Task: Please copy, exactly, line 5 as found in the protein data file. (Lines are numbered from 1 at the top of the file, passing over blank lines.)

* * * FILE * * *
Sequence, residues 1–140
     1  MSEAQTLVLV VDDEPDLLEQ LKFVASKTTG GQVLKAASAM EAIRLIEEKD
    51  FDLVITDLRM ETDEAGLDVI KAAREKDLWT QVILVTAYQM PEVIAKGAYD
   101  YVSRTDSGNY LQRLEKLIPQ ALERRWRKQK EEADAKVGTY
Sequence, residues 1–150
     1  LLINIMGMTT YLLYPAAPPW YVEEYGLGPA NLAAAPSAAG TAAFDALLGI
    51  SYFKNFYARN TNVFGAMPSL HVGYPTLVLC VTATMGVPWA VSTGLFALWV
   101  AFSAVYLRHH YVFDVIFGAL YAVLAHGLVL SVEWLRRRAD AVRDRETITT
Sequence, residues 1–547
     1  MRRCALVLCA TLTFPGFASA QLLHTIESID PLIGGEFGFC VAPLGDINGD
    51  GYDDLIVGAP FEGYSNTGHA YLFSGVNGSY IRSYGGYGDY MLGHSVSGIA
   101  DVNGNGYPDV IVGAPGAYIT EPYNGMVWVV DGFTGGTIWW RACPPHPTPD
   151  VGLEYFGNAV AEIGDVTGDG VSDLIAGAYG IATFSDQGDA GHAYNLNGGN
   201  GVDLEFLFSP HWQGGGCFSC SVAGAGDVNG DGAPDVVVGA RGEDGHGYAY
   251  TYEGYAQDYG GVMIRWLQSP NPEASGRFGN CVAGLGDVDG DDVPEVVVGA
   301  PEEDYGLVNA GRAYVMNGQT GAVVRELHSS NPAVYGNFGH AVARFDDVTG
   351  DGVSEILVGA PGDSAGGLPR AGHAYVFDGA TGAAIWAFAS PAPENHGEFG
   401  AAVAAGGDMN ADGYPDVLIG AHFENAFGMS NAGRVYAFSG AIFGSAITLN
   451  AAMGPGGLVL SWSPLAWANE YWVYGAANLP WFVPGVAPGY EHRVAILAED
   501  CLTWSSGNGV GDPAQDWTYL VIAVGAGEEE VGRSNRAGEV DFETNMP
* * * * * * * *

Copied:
Sequence, residues 1–150